Madrigal dinner raises money for new piano

From left to right, Christi Nelson, Jonathon Lubke, Jim Ross, and Bethany Bourgoin eat at the University Baptist Church’s Madrigal Dinner on Saturday. The event was put on by the church in hopes of raising money for a new grand piano.

Marija Majerle

From left to right, Christi Nelson, Jonathon Lubke, Jim Ross, and Bethany Bourgoin eat at the University Baptist Church’s Madrigal Dinner on Saturday. The event was put on by the church in hopes of raising money for a new grand piano.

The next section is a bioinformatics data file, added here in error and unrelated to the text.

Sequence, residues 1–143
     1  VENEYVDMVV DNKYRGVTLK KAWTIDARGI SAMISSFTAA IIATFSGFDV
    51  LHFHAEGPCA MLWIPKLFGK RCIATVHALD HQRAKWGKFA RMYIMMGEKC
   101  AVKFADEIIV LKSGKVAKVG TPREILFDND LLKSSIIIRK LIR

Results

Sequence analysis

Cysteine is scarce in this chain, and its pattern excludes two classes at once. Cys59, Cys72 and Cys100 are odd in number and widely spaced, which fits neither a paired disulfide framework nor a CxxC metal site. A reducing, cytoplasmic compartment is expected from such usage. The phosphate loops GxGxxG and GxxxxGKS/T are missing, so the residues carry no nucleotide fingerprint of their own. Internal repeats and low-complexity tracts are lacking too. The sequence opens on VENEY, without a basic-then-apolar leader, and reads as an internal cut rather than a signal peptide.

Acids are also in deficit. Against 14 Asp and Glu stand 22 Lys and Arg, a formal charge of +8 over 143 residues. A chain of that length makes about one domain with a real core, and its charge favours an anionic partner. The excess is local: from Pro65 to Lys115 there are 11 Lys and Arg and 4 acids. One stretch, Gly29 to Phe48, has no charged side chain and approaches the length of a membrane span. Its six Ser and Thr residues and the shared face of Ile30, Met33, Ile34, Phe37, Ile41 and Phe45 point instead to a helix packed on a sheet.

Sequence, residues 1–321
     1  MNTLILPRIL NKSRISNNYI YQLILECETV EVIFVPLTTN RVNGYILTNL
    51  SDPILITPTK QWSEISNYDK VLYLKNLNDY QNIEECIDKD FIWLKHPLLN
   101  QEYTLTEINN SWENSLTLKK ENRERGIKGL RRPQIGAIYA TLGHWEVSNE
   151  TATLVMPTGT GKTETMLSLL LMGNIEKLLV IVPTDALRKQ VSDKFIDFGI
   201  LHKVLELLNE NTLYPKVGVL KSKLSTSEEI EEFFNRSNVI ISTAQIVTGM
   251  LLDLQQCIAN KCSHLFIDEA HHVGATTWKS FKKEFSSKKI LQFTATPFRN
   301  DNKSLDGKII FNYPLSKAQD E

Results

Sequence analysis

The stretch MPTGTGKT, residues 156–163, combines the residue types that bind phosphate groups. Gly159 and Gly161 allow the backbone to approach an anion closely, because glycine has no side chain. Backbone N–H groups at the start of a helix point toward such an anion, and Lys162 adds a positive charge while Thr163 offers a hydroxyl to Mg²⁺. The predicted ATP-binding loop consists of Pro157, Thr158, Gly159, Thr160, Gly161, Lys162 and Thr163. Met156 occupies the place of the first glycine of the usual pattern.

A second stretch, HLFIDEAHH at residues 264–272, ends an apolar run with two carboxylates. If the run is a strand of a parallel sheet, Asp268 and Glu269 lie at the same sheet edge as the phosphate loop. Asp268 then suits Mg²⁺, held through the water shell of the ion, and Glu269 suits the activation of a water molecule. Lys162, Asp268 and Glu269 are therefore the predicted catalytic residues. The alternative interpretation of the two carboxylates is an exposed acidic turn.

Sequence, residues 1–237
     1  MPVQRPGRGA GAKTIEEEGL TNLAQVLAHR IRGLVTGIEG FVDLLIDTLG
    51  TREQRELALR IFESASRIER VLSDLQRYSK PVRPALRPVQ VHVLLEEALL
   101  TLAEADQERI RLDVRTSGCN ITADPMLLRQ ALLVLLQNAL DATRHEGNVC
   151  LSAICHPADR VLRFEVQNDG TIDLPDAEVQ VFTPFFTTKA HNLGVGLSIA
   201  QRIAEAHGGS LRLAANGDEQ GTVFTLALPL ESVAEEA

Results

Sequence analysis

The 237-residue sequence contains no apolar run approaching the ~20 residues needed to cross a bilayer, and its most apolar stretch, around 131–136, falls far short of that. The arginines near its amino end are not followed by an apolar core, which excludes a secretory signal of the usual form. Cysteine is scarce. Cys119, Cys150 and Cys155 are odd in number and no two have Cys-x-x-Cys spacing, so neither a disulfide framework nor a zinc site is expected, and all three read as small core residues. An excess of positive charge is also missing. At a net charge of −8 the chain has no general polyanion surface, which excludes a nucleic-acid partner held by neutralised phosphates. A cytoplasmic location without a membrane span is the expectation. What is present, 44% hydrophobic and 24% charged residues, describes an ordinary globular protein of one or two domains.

As guests entered the castle, stepping out of the 21st century, they took their seats at their assigned tables, all adorned with goblets and set for a feast. Outfitted in corsets and medieval cloaks, members of the University Baptist Church hosted their first-ever Madrigal dinner Friday and Saturday evening in hopes of raising money for a new piano. Doug Donley, pastor at UBC, said the church has always enjoyed putting on productions, and when the idea came up to put on a Renaissance-themed dinner theater play as a fundraiser, many members of the congregation jumped on board. The event was created through collaboration between the church choir, which sang English Madrigal-style Christmas carols, and members who volunteered as actors. The production involved 35 people. In the production, theater arts senior Mike Lubke played an actor who was summoned to put on a show for the King. A lifelong member of the church, Lubke joined his mother as a part of the production and said performing in a church production was a good change from theater classes at the University of Minnesota. âÄúThis is how people who arenâÄôt into [acting] theory do acting and itâÄôs refreshing,âÄù he said. The play aimed to entertain its audiences of around 60 both Friday and Saturday nights, and all of the money from ticket sales will help replace the $13,000 the church recently spent on a Petrof grand piano. The church, which prides itself on its music program, had to replace a broken piano earlier this year, Lubke said. âÄúItâÄôs nice to have the instruments match the quality of the performers now,âÄù he said. But even if there wasnâÄôt a cause behind the dinner, Donley said itâÄôs fun to put an event on like this for the community. âÄúItâÄôs Monty Python meets Shakespeare, meets Braveheart with less blood, better food and music,âÄù he said. Guests were served Wassail âÄì a Renaissance age spiced cider, English pea salad, beef stew or vegetarian stew in a bread bowl and bread pudding for dessert, all catered by the Purple Onion Café. Carrie Lubke of St. Paul said beyond having a great dinner, she came to support her family members in the show, like her brother-in-law Mike Lubke. Dressing up in Renaissance attire seems to get people excited, Carrie Lubke said. âÄúPeople like to get away with showing that much cleavage,âÄù she said. âÄúAnd men like being able to use swords.âÄù Although Carrie Lubke thought the fundraiser was a good idea, she said this year may not do more than cover the expenses of buying the supplies to put the dinner and show on, but it has the potential to grow in future years. Piano performance senior Tyler Wottrich used to be the church organist and said he was impressed with how authentic the church looked. âÄúI didnâÄôt quite know what it was going to be,âÄù he said. âÄúBut it was like walking back 500 years.âÄù Being the first year, Donley said he was pleased with the turnout. Mike Lubke said in the future he hopes more University students attend the event and arenâÄôt scared off by the fact itâÄôs held in a church setting. âÄúWeâÄôre using the space because we have it and it fits,âÄù he said. âÄúBut itâÄôs a show.âÄù Beyond raising money, Donley said he wanted the dinner to be a chance for the community to participate in a fun holiday kick-off activity. âÄúItâÄôs more than just the fundraising piece of it,âÄù he said. âÄúItâÄôs that the congregation and the whole community comes together to pull it off.âÄù